Glacier National Park: Many Glacier Hotel Tour

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Welcome back to National Parks & other public lands with T! If you are seeing this on Twitter or Facebook, please visit the blog to see all of the photos and read the story by clicking the link.

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I’d read about Many Glacier Hotel’s dramatic rescue in a publication by The National Trust for Historic Preservation. I checked on the NPS website and saw that ranger-led tours of the hotel were held every afternoon. We timed our hike on the Grinnell Glacier trail to be sure we were back in time for the tour.

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We returned back in time to have lunch in the Ptarmigan Dining Room. This is a beautiful place to eat, with its high ceilings, two story windows and the view of Swiftcurrent Lake. But unfortunately, the food was pretty mediocre for the price paid.

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We met up with a park ranger in the hotel lobby for the tour at 2 PM. He spent some time there giving a history of the lodge.

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Many Glacier Hotel was built by Louis Hill, president of the Great Northern Railroad. Many Glacier was the largest of all the hotels built in the park in an effort by Great Northern to attract tourists to Glacier National Park. Hill is said to have been obsessed with Many Glacier and was more involved in the design and construction than in his other Glacier properties.

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It is designed to look like a Swiss Chalet as Hill considered Glacier to be the American Alps. The site for the hotel was chosen for the symmetry of the view across Swiftcurrent Lake. Grinnell Point is in the middle, flanked by ‘matching’ mountains on either side.

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Time, the elements and some ill-advised ‘improvements’ took their toll on the structure over the years. In 1996, The National Trust For Historic Preservation included Many Glacier on its annual list of America’s Most Endangered Historic Places. The force of heavy winter snowfalls had actually knocked the massive hotel off its foundations and the whole thing was threatening to collapse into the lake.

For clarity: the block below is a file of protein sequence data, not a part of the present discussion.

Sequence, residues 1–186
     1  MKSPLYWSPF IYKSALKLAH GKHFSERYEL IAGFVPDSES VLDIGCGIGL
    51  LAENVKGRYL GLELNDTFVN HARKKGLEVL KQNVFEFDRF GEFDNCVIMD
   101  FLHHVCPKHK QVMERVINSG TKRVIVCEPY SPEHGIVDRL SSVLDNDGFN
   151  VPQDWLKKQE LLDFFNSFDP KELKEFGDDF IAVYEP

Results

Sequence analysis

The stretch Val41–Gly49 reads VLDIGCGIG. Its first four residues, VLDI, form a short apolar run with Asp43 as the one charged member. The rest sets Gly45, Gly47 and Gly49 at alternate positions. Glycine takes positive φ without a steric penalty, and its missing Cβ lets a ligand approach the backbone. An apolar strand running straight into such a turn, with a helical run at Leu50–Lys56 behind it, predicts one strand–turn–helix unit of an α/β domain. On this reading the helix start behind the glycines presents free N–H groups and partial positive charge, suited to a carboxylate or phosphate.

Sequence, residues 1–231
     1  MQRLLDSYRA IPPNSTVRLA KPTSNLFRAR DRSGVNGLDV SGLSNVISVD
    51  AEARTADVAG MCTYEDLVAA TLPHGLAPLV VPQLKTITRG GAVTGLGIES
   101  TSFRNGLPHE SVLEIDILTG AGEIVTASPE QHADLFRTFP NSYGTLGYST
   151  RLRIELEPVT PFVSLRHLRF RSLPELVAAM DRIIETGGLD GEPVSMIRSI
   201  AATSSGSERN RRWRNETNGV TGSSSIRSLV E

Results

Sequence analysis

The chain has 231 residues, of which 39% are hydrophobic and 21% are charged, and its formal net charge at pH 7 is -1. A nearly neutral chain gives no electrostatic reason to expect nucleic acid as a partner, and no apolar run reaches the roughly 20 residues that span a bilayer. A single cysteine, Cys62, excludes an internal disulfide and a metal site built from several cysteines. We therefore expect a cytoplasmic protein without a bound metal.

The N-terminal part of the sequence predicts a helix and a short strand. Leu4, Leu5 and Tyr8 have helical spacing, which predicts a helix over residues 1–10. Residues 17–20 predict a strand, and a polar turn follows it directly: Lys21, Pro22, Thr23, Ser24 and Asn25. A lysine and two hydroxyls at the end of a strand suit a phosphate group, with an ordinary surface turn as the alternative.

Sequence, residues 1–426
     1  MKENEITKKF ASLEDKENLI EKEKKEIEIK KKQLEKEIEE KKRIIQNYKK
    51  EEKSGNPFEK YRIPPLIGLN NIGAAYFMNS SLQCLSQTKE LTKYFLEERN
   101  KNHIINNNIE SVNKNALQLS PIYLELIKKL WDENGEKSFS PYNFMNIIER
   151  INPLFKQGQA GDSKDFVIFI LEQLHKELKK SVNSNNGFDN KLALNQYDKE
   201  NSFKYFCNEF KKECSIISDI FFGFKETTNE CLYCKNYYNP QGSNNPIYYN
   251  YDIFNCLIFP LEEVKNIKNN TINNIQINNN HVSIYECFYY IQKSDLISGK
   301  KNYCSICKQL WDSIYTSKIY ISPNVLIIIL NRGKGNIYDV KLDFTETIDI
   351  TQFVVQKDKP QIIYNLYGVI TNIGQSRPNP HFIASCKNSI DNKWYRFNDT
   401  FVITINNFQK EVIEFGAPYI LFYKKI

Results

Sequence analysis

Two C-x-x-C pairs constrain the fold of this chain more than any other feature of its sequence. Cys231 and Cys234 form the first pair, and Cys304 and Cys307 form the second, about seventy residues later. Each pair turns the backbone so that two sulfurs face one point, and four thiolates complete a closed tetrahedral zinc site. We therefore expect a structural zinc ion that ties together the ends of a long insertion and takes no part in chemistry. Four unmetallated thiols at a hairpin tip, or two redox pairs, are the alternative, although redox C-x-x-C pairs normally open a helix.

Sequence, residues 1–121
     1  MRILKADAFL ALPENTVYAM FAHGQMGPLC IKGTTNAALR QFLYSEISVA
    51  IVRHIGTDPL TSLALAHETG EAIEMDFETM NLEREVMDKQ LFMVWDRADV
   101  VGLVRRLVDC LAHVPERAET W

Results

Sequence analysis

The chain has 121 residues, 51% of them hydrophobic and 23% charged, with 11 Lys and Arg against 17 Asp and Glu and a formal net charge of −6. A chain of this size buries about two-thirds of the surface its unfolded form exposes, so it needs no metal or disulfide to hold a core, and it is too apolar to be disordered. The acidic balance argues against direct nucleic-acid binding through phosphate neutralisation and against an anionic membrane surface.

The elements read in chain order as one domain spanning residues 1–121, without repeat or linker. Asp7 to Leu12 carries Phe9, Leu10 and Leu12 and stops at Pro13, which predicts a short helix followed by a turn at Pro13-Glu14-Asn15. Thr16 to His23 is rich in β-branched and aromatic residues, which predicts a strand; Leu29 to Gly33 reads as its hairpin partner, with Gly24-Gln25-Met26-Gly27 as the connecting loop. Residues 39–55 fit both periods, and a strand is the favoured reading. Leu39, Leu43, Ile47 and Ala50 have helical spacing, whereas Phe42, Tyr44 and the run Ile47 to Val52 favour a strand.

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Through the National Trust, the NPS and other organizations, the $42 million needed to restore the building was raised and renovations began in 2000. It took 17 years to pull the hotel back onto its foundation and restore it to its original design.

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The ranger took us up to the second floor for an overview of the grand lobby. He pointed out the interesting design of the central fireplace, the restored double helix staircase and the Japanese lanterns. These are replicas of the paper lanterns originally installed by Louis Hill who incorporated Asian influences into the overall Swiss Alpine theme.

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Next we went to the Ptarmigan Room where the ranger showed us pictures of what the Great Room looked like after a 1950s makeover. A drop-ceiling had been installed, harboring bats. The cathedral ceilings and pergola were restored in the 2000 renovation.

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The tour concluded outside to discuss the Swiss architecture. The only wooden element remaining on the exterior is the carport. The rest is made of more fire-resistant materials because of the area’s history of wildfires.

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Location: 1 Rte 3, Browning, MT 59417

Designation: National Park, National Landmark

Date designated or established: 5/11/1910 (1987 NHL)

Date of my visit: 6/27/2018